Let’s look at smithing. It doesn’t make much sense for a player to be able to make swords while he’s walking between cities. Obviously, if you are trying to create any sort of realism, you will want to tie a crafting skill like smithing to the traditionally required implements of that discipline – you need an anvil, a forge, a hammer, and a bunch of other shit you can’t lug around with you. There’s a bunch of ways to do this in a game.
First, you can sprinkle forges around your game world, with no clear ownership attributed to anyone. Depending on the depth you require for your standard of realism, this can cause a problem. Who built these forges? Who maintains them? Who keeps the fires burning, where do they get the fuel from, and why haven’t these sites been looted by, well, looters? If we wish to draw a corollary to some other modern means of production, you can’t drop a bakery in the middle of the wilderness and expect nobody to ask the questions I just asked. Clearly, if realism is your goal, you have failed. Instead, private ownership of these facilities neatly answers all of the above questions – we don't have to ask who takes care of the forge, because the guy that owns it obviously does. Disentangling yourself from this narrative of ownership is probably not an issue a video game designer wants to tackle.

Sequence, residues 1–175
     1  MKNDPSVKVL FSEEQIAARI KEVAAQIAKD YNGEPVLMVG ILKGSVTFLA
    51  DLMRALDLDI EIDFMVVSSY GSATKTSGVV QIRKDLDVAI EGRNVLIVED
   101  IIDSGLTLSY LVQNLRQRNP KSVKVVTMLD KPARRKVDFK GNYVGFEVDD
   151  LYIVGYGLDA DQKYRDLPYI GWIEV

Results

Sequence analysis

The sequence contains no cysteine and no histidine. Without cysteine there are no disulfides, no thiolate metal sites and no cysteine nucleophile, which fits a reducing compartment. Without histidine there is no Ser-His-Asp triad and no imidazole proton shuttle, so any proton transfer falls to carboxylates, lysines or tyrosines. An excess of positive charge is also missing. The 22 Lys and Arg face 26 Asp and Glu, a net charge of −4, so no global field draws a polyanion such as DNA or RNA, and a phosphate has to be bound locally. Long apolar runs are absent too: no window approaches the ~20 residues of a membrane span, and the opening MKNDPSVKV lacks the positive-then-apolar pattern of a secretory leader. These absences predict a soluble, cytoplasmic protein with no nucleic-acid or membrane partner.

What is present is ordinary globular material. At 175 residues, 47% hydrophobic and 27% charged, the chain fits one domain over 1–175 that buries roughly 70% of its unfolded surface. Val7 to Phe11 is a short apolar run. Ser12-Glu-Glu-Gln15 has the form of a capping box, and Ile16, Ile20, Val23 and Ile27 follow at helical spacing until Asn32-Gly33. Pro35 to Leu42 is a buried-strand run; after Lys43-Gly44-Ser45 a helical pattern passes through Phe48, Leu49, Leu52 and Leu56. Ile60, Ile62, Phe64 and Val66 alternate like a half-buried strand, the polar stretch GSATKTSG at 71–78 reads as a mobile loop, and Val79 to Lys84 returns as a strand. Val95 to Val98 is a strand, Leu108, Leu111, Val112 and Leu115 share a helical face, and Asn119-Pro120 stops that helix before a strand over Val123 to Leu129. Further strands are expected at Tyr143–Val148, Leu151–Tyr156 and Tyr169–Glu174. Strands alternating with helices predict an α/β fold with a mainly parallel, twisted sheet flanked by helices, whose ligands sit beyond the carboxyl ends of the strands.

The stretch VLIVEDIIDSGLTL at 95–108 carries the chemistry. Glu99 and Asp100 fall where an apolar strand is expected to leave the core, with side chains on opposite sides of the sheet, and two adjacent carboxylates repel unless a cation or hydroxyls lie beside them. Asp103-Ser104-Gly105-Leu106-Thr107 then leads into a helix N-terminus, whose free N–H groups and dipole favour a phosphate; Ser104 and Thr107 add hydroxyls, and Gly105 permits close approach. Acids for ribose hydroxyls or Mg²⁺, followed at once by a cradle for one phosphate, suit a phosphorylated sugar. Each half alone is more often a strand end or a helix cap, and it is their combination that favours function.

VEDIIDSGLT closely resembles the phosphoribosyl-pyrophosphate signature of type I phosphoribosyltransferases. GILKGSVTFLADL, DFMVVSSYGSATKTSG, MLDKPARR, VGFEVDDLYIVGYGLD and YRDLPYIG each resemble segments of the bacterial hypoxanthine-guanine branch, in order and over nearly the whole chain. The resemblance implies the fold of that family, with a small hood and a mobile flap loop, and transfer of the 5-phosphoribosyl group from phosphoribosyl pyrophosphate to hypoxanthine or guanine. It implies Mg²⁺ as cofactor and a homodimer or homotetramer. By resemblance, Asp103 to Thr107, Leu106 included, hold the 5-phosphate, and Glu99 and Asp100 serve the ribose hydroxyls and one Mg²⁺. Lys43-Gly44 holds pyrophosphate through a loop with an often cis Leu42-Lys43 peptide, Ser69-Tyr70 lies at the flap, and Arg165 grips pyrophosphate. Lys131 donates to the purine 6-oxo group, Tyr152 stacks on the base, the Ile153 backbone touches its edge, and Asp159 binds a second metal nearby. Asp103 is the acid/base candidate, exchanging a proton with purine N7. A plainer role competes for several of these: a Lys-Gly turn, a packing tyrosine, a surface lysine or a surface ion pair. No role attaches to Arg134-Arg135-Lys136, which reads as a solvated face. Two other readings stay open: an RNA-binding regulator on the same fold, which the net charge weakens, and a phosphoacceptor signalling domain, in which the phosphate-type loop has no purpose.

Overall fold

Another way to do this is build forges in populated areas and claim they are owned “by the people”. If you can create a social fabric in your game world that would support this type of economic activity, this kind of forge would make perfect sense. Unfortunately for Bethesda, the Empire is a capitalist monarchy – the entire history of the series has relied on capitalism as its main source of economic activity. You can’t just drop forges into cities and suddenly claim that, oh yeah by the way, the people of Skyrim are totally into communal ownership of property. This is the sort of assertion that needs to be made on the back of a well-built history/mythology that is clearly designed to support it.
A third way of making smithing realistic is requiring the player to rent/lease the implements he needs in order to make something. So instead of random blacksmith dude letting me push him out of the way to spam iron daggers, he charges me for the use of it. Going beyond a mere pay-to-play scheme, the blacksmith could let me use his forge if I perhaps do a little chore for him (or if he likes me enough, or if he is racist and only likes Nords and, well, I happen to be a Nord, etc.) Essentially, the game could assign a value to the use of the forge, with that value being met in a variety of ways, through money, coercion, or fair trade.